Daniel House suggests the Vikings should trade Toby Gerhart while the market is strong. He explains that and more in his latest post.
The Vikings traded up to draft Toby Gerhart in the second round (pick 51) of the 2010 NFL draft. Entering the NFL, Gerhart recorded a breakout 2009 season at Stanford, which resulted in a runner-up finish in the Heisman Trophy voting. At the time, the Vikings needed a viable backup to Adrian Peterson, who had been in the league for just 3 seasons. Vikings fans expected Gerhart to be the 3rd down running back for the future of this team, but Toby has been a slight disappointment.
Statistically, Gerhart hasn't dazzled by any means, but when you are behind one of the greatest running backs in the game, what can you expect? He has only reached the endzone three times in his career and hasn't seen an extensive role with this team. In 2011, he posted his best yardage (531 yards) and replaced Adrian Peterson for the final two games of season.
Last season, Toby transformed his body and from a visual standpoint and added muscle. In practice, he seemed a step quicker and wasn't as tentative in the backfield. Now based upon the eight days of practice I attended, I believe Gerhart is molding into his old style. He seems a step slow and isn't bursting through holes like he was a year ago. He was blown up in the backfield by Larry Dean, for one of the best hits we will see during all of training camp and just hasn't been the same this year. It seems like Toby is the target in training camp each season and is the one player that gets the extra "pop" when the pads are strapped on. I question whether the huge brace on Toby's left knee has something to do with his tentative play, but it definitely perplexes me. His body looks huge and he is ridiculously strong in goal-line situations. So why a drop in performance in play from one year to the next?
I attribute this to the system the Vikings are looking to run this year. Has Toby ever fit into the Vikings plans? Adrian Peterson is the best running back in the league and arguably is the fastest running back in the game. The original intent for Gerhart was in the "change of pace" running back category, but that hasn't fit well with the offensive scheme. Offensive coordinator Bill Musgrave is a coach who likes to tailor his offense to players with superior skill-sets. Gerhart definitely doesn't fall into the speed and agility category, he is a power running back and doesn't fit into a system that stresses team speed.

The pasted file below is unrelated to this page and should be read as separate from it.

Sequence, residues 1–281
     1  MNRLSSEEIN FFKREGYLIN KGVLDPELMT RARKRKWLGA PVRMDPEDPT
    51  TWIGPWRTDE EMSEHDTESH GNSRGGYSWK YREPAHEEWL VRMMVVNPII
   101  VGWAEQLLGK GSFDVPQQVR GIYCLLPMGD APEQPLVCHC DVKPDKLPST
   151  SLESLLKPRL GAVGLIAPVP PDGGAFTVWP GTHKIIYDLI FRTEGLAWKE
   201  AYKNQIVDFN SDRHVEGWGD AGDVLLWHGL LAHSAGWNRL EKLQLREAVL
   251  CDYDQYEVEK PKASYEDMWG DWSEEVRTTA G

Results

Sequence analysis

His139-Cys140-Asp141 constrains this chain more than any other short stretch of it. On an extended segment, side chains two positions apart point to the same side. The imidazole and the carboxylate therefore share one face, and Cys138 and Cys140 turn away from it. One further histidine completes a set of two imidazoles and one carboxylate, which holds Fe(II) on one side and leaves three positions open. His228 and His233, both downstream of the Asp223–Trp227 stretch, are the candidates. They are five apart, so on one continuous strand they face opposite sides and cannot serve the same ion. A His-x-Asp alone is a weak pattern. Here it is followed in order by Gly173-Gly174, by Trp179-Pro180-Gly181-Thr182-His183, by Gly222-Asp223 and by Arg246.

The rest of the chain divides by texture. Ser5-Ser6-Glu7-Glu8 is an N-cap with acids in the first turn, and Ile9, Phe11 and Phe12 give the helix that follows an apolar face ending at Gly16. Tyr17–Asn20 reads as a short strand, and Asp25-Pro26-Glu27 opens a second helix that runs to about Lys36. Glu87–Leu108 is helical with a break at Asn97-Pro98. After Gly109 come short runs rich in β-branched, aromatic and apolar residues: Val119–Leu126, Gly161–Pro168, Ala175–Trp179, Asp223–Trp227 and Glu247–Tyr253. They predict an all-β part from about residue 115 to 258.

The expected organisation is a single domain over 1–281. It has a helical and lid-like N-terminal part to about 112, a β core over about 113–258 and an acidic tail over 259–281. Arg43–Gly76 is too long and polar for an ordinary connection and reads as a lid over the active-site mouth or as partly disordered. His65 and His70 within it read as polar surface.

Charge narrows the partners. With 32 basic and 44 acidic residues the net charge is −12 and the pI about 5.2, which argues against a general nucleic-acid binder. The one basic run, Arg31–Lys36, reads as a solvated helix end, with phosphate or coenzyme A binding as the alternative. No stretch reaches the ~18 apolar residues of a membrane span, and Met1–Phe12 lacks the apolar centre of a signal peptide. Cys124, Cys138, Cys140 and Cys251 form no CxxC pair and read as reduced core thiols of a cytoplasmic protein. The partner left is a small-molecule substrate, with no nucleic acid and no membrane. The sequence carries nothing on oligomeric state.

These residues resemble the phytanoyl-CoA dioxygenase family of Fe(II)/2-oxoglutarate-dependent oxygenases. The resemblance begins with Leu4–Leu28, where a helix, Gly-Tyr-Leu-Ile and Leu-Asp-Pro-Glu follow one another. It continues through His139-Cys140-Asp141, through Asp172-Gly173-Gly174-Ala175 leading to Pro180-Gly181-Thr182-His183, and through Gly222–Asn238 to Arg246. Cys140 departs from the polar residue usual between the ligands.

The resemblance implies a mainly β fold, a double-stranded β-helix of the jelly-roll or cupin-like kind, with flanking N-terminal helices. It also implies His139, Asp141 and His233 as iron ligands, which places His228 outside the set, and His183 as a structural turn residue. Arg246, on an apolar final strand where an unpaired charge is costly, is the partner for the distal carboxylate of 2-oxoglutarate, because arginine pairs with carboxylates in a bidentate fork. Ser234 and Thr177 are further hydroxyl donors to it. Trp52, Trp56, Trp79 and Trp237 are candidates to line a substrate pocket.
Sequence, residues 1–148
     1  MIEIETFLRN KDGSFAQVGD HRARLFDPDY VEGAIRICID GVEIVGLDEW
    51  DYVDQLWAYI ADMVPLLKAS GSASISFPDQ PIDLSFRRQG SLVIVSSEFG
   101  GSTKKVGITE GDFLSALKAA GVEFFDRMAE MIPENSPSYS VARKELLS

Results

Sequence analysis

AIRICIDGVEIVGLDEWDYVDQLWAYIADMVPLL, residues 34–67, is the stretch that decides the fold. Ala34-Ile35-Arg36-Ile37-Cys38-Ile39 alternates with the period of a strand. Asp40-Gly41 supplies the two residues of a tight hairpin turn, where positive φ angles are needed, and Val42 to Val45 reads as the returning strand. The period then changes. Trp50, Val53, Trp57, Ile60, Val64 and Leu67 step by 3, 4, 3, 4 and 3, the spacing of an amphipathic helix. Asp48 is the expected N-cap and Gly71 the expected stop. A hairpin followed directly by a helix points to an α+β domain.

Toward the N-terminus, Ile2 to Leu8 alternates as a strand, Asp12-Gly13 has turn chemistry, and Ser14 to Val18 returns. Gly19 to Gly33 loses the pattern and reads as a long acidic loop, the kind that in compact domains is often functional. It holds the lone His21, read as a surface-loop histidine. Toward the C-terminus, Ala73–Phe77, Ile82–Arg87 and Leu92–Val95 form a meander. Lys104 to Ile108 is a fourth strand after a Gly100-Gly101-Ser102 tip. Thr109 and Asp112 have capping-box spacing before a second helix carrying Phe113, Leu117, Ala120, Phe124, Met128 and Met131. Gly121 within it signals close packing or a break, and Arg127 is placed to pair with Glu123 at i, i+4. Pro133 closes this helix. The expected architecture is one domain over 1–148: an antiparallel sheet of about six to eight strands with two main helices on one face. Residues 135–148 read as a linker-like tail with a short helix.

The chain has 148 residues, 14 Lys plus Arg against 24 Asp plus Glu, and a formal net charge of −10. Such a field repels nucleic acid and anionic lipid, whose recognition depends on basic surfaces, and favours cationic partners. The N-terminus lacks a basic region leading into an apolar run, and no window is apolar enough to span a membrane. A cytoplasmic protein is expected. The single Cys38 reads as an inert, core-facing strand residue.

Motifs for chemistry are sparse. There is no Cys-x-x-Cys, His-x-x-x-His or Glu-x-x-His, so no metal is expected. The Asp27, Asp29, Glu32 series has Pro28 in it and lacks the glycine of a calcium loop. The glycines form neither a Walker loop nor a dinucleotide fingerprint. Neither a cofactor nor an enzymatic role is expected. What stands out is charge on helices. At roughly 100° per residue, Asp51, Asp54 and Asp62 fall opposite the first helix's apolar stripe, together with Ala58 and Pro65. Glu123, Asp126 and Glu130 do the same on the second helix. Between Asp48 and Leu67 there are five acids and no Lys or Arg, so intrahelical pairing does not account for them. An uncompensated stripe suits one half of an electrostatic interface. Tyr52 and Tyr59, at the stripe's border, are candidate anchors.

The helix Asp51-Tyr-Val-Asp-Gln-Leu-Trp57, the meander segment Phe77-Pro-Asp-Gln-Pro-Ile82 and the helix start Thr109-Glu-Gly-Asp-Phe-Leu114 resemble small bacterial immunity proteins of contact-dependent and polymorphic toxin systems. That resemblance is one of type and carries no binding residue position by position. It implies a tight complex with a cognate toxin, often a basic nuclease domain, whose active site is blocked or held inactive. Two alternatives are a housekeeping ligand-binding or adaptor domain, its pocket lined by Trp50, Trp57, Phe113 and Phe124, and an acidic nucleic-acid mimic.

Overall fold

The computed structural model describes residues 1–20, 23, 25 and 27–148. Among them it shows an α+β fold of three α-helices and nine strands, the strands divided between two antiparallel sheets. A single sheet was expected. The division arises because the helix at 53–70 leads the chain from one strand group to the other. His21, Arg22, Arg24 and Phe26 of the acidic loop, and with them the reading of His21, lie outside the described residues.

Gerhart's contract expires at the end of the season and he already has expressed interest to test the market. As discussed, he has recorded low statistics in three seasons, doesn't fit into the team speed category, and is struggling early in training camp.
First of all, is there a market for a power running back like Gerhart?
Yes there is and after training camp injuries and battles begin, teams will start to test the market for players like Toby Gerhart. All of this is dependent on whether the Vikings have any intention of trying to convince him he'll get his shot here. Then again, they value him as the lead carrier if something happens to Peterson. On the other hand, if Gerhart were to walk away at the end of the season, at least the Vikings could receive some compensation in the form of a draft pick or tier two player.
What type of compensation is maximum return for Gerhart?
My firm belief is a 5th or 6th round pick with a 4th rounder being an absolute long-shot. The Vikings are notoriously great at drafting talent and should receive compensation while they can get it. I know many people are worried that there wouldn't be a suitable replacement for Gerhart at this time, but Matt Asiata and rookie Bradley Randle are ready.
Asiata is entering his second season with the Vikings and has caught my eye during the early portions of training camp. It appears he has cut some weight and is running downhill nicely. He has exposure to the system and understands the scheme and interests of the coaching staff. He won't blow you way with his speed, but he has a significant burst in comparison to Gerhart.
Bradley Randle has been one of the player's I have discussed since the moment he was signed as an undrafted rookie. The 5'7" running back has been my guest for several interviews and has the mentality that run blocking is the largest responsibility for a running back. In scrimmages and practice, he has shown his fierce running style, relentless motor, and sheer speed. All attributes that fit into the team speed category I discussed earlier.
Based upon my analysis and attendance of eight daily practice sessions, the Vikings should shop Toby Gerhart in exchange for draft pick compensation or a tier two player. His contract expires at the end of the season and we have the personnel for a roster move to make perfect sense. Take into consideration the best running back in the league is in the position group to mentor young players into elite talent.
Overall, it all makes sense.